Know thy self. My college roommate could run in 25F weather with a long sleeve, shorts, and a baseball cap. Personally, my hands and ears go numb at any temperature below 40F. As a result, I always have a spare hat and gloves (socks) laying around. It’s important to know what YOU need to make sure you’re worried about the effort of your run not if your ears are going to fall off.
Hydration is key in the summer. Hydration is key in the winter. Hydration is key all the time. Make sure you are drinking enough water throughout the day. We tend to worry about our water consumption less in the winter as its much colder out and we tend to sweat less but, because of this we drink less water and are often dehydrated.
Watch for Injuries
Often, as a result of the winter weather, people change where they run. If there has been snow on the ground for 3 weeks forcing you to run on roads for the same amount of time be aware of this. The roads are a lot harder on your body than grassy trails. As a result, maybe pair back your mileage and replace some of that mileage with cross training such as biking or swimming.
The cold also means you have to warm up longer! Whether this means starting off runs a little slower or changing your warm-up from 5 to 10 minutes make sure your muscles and tendons are ready to go before you put them to work in cold weather.
Know the Elements
Be creative.When it’s windy and cold out, sometimes splits and times go out the window so it’s important to focus on effort as the temperature drops. Maybe substitute some fartleks in for timed intervals
Start into the wind. Maybe I’m alone on this but I much prefer the first 20 minutes of my run into the wind than the final 20.
If you have any good tips or tricks for winter running let us know in the comment section
Kyle Merber jogs lightly under the stands at Madison Square Garden.
He’s 17 years old, a senior at Half Hollow Hills West High. As a native New Yorker, a kid from Long Island, he’s been here plenty of times before, but on every previous visit he’s gazed down on the arena floor to find a hockey rink or a basketball court— Rangers or Knicks. Maybe a circus or a concert stage. But tonight, the self-described track nerd peers down the concourse walkways, through the gaps in the stadium scaffolding, blinks past the overwhelming arena lights, and sees a track.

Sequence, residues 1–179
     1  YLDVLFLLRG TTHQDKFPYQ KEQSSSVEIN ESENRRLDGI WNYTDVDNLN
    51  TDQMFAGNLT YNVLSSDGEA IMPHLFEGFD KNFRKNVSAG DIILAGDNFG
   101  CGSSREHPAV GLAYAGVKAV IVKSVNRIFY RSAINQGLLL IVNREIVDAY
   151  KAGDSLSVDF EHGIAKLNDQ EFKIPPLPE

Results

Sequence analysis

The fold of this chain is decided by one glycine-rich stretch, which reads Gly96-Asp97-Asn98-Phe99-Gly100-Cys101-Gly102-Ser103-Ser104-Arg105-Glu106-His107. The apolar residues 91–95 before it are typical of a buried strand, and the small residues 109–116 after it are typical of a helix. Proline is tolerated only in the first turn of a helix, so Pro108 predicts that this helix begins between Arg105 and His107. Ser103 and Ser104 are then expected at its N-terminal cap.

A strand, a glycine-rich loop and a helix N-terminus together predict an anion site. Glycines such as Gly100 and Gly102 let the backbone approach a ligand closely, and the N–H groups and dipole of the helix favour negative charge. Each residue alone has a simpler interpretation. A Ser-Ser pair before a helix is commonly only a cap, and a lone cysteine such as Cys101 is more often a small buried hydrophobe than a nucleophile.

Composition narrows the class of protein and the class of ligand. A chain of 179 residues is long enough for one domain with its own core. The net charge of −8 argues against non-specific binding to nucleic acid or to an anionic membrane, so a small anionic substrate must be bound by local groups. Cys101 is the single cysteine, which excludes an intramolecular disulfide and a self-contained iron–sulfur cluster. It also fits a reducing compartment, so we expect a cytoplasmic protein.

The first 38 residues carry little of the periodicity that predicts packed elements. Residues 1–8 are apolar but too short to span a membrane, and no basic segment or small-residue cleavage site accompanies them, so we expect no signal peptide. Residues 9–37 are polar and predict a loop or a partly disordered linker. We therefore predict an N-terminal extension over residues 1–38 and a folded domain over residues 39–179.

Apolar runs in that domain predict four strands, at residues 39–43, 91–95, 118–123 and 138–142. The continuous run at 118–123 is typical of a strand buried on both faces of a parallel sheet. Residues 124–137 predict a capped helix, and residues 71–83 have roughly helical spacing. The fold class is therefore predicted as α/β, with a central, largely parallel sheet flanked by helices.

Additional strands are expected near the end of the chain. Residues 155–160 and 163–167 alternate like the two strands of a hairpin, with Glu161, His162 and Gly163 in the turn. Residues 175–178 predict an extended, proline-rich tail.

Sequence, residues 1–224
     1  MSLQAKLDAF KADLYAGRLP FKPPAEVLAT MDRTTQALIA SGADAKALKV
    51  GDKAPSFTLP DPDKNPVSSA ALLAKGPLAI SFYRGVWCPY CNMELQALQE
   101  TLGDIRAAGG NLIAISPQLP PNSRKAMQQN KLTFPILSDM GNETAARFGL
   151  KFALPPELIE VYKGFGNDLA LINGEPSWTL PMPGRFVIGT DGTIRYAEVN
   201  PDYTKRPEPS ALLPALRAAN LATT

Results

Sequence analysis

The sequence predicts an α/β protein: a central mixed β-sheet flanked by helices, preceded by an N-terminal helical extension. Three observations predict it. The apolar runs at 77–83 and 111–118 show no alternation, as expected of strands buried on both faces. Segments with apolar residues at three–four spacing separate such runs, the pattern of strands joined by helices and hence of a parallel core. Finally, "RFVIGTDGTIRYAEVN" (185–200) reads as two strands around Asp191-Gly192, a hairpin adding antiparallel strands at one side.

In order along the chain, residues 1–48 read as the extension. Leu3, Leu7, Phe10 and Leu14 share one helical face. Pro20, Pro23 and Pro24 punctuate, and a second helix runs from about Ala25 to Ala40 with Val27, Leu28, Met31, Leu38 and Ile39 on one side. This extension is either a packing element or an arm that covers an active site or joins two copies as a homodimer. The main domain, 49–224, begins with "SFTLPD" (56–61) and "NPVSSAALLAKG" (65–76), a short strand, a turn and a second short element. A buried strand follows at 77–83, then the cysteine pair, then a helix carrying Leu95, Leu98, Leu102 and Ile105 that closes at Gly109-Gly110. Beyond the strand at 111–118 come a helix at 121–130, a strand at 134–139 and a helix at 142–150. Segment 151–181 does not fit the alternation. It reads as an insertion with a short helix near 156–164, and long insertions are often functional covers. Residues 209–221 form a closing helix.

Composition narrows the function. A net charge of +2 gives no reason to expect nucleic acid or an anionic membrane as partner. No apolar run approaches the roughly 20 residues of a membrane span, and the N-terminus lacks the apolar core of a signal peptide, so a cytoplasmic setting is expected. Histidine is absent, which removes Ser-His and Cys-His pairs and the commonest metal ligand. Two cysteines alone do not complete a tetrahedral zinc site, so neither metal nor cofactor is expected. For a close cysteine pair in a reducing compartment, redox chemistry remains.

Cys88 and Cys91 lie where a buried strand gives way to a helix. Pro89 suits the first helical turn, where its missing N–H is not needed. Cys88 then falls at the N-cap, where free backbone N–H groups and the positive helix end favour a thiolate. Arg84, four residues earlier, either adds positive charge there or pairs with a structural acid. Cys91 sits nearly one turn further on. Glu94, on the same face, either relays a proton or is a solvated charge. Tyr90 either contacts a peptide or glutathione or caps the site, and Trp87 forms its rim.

A beautiful, historic, 11-laps-to-the-mile oval.
Even the sight of the Mondo surface sets his heart beating faster. He’s run on plenty of tracks before, but never this one. Never at Millrose, where you have to be invited, where the high school milers compete in the same meet as the professionals.
And now, deep in the bowels of this venerable arena, he’s preparing for that race.
Maybe the biggest race of his young life.
He's been keeping a journal of his preparation for DyeStat.com, a Web site where — if he’s honest — he probably spends too much time, especially on the message board known as The Playground, where he goes by the handle: g2g4gold.
He agreed to participate in the blog — called the Road to Millrose — before he’d even qualified for the meet, which seemed like a reach, possibly hubristic, but it worked out.
Lots of things have worked out this season.
He’s put in the miles and pursued his goals and taken care of the small things. All the stretches and striders and nutritional choices. The habits that provide the advantages someone needs in order to qualify for a race like this.
Years from now, when he thinks about himself at this age, he’ll say he was “the kid reading Once a Runner and Running with the Buffaloes, doing 50 push-ups before bed every night, calculating splits during class. The quintessential, obsessed, high school running nerd.”
That’s Kyle Merber at 17.
He had run in another invitational mile a week earlier in Massachusetts, the Reebok Boston Indoor Games. There, he found himself in the most competitive high school field he’d ever faced, dropped a three-second PR, and didn’t come close to winning, but the highlight might have been meeting Australian distance star Craig Mottram. Kyle and some of the other high schoolers called Mottram’s room at the event hotel, got his autograph and peppered him with questions.
And now, in the cramped warm-up room at the Garden, there’s Mottram again.
Bernard Lagat and Nick Willis and Galen Rupp. All of them, somehow more human and more imposing in person. Kyle observes their routines, absorbs their preparations, admires their kits, covets their spikes. Files away the small things. The manner in which these stars ready themselves for the same 11-lap contest he’ll be running against fellow teenagers.
In a few minutes, he and the other prep invitees will burst into the glare of the lights.